Fear mongering seems to be the most commonly used tactic to influence people’s minds nowadays. There are a lot of things to be worried about, so slick marketers do their best at using fear and generic factual data to generate the desired response. DiHydrogen Monoxide is a great example of this fear mongering tactic (taken from Wikipedia)
- is called “hydroxyl acid”, the substance is the major component of acid rain.
- contributes to the “greenhouse effect”.
- may cause severe burns.
- is fatal if inhaled.
- contributes to the erosion of our natural landscape.
- accelerates corrosion and rusting of many metals.
- may cause electrical failures and decreased effectiveness of automobile brakes.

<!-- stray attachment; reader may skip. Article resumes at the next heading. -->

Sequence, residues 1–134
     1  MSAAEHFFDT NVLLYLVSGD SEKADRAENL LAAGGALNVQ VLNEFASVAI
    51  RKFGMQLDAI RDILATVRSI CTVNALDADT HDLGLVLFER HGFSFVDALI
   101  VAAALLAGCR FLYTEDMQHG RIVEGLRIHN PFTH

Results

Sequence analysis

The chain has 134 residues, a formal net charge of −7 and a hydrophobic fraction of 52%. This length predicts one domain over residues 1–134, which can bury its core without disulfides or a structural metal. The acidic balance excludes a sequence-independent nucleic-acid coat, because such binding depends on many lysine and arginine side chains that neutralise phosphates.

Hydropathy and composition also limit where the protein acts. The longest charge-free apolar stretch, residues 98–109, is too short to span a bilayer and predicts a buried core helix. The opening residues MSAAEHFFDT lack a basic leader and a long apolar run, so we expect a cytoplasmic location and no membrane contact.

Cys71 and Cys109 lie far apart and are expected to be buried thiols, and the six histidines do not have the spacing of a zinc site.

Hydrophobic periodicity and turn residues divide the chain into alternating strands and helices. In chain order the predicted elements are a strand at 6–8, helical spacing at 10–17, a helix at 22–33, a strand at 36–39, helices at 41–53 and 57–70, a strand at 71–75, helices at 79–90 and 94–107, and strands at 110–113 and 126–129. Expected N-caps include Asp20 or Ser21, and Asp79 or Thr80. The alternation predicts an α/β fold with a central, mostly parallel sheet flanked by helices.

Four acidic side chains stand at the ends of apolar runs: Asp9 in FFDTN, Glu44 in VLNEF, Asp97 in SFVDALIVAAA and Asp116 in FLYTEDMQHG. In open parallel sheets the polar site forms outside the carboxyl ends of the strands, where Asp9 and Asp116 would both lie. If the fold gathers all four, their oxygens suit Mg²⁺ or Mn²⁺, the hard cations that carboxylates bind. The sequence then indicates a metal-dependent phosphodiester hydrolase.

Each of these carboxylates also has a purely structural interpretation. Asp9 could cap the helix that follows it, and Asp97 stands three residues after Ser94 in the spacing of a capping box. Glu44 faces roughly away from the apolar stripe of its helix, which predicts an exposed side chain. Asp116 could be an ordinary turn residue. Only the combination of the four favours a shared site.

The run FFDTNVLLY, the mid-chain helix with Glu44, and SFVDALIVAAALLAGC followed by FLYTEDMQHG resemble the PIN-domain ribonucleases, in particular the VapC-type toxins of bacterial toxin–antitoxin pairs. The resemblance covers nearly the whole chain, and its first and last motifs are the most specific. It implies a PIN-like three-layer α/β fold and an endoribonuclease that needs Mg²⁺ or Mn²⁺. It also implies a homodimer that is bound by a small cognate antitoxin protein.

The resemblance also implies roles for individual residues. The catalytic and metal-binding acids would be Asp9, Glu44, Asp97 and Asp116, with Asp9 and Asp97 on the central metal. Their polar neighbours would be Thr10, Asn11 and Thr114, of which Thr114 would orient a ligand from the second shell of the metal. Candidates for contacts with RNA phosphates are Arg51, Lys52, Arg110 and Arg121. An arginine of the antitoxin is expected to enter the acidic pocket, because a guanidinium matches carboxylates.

- has been found in excised tumors of terminal cancer patients.
Despite the danger, dihydrogen monoxide is often used:
- as an industrial solvent and coolant.
- in nuclear power plants.
- in the production of Styrofoam.
- as a fire retardant.
- in many forms of cruel animal research.
- in the distribution of pesticides. Even after washing, produce remains contaminated by this chemical.
- as an additive in certain “junk-foods” and other food products.
In case you didn’t figure it out yet, dihydrogen monoxide is simply water. So you can see how easy it is to flip generic facts into fear-generating propaganda.
This article by Skeptoid’s Brian Dunning goes over each ingredient that is listed in vaccines, as well as some just rumored to be listed, and clarifies the facts about each one. Once you understand the ingredients, you are less vulnerable to fear-mongering tactics and able to make a more informed decision.